Test radon levels using a do-it-yourself short- or long-term test kit. Only a test kit with the "meets EPA requirements" label on it should be used, says WebMD. Another option is to hire a qualified tester.Continue Reading
The short-term test kit is the quickest way to measure radon levels. It remains inside for two to 90 days depending on the type of detector in the kit and package directions. During the test, keep all windows and outside doors closed as much as possible, and only use fan systems or devices that recirculate air, rather than bring air in from the outside. For a two- or three-day test, close the windows and outside doors 12 hours prior to the test. The short-term test needs to be placed in the lowest level of the building that is used, except for the bathroom or kitchen, and it should sit at least 20 inches above the floor away from exterior walls, drafts, high humidity and high heat, instructs the U.S. Environmental Protection Agency.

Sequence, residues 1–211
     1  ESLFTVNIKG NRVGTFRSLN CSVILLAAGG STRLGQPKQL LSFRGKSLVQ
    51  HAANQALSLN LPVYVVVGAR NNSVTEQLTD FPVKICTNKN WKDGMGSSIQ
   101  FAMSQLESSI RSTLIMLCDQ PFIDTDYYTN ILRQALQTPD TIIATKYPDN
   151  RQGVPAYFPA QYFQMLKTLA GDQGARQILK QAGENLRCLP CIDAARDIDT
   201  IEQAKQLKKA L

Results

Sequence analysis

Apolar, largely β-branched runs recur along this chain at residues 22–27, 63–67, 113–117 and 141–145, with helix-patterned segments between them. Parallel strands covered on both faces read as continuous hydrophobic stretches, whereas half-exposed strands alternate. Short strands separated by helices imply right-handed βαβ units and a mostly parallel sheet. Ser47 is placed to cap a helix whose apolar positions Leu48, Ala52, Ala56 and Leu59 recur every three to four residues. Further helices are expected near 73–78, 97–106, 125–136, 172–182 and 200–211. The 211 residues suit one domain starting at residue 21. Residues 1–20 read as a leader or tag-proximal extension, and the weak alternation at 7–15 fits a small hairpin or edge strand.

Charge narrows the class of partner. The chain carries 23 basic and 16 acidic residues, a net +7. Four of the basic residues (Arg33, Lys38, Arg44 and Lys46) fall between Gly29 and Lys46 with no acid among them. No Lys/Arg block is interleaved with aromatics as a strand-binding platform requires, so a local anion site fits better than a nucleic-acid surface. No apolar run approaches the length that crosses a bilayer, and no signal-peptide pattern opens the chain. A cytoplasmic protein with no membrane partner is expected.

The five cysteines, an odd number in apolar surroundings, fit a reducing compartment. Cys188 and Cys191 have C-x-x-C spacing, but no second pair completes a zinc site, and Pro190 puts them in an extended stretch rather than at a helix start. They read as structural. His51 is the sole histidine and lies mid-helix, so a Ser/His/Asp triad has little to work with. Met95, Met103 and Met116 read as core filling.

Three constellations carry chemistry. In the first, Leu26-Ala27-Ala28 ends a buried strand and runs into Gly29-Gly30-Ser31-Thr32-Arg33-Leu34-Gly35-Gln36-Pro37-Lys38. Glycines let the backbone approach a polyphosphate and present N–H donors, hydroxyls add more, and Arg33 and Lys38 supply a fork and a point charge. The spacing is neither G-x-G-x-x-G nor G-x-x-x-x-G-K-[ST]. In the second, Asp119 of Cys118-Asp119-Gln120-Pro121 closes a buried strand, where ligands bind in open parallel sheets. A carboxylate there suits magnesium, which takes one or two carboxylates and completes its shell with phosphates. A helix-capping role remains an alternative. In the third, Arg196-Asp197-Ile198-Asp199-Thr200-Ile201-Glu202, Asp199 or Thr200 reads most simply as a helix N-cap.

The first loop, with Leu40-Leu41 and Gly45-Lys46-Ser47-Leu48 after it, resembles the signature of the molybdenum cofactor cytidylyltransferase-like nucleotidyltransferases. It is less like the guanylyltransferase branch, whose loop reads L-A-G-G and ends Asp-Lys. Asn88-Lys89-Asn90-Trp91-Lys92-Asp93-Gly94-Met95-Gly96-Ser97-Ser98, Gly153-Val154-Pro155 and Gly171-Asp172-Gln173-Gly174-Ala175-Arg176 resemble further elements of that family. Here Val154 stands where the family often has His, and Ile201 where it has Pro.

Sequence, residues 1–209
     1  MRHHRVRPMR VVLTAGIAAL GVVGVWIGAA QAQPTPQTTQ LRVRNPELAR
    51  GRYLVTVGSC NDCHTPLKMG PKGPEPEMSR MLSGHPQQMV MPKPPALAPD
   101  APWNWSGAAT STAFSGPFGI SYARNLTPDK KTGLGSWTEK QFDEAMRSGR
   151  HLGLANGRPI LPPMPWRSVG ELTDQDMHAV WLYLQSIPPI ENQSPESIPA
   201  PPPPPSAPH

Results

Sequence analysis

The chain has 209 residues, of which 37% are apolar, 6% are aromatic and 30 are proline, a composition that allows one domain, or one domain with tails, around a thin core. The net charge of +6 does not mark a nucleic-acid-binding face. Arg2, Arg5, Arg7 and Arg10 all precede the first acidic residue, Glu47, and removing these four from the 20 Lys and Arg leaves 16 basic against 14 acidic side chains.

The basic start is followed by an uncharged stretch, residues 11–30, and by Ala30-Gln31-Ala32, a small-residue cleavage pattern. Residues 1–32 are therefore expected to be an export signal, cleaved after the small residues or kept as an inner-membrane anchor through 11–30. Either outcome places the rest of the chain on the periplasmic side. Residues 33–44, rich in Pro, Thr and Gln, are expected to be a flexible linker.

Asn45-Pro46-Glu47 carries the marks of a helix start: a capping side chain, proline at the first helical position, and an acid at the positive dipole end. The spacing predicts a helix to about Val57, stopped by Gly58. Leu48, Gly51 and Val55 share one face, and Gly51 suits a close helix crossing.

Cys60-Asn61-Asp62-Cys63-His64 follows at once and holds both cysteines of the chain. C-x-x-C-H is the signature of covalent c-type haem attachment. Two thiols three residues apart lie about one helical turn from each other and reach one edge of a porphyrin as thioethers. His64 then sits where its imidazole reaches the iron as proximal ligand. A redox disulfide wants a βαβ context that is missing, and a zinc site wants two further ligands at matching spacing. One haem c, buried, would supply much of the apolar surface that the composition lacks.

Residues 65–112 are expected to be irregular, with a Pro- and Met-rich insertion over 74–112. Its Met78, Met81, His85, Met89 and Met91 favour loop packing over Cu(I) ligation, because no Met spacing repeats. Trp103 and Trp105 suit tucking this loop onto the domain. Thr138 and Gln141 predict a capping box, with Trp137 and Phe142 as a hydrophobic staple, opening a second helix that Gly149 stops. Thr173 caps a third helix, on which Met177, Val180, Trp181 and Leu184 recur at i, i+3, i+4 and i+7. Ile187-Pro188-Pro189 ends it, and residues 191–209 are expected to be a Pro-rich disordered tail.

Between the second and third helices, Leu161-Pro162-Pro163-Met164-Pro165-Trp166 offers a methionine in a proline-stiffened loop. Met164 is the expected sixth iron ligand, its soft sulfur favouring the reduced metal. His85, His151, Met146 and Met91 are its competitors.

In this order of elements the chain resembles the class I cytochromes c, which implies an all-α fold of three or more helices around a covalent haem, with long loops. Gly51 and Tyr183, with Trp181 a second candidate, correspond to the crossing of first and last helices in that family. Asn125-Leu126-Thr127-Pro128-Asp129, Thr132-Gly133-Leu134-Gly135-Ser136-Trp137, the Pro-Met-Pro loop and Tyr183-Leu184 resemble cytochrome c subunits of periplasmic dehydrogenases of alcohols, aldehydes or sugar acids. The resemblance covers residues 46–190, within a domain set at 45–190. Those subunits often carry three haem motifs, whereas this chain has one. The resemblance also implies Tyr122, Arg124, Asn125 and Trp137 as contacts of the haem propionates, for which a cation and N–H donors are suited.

A long-term test remains in the building for more than 90 days and produces results for the year-round average radon level. Implement the same tips as used for the long-term test. It may be used as a follow-up to a short-term test with a 4-picocuries-per-liter result, recommends the U.S. Environmental Protection Agency; however, a second short-term test can be used as a follow-up for faster results. Either kit can be purchased at most home improvement stores or ordered online from Kansas State University's National Radon Program Services.Learn more about Medical Ranges & Levels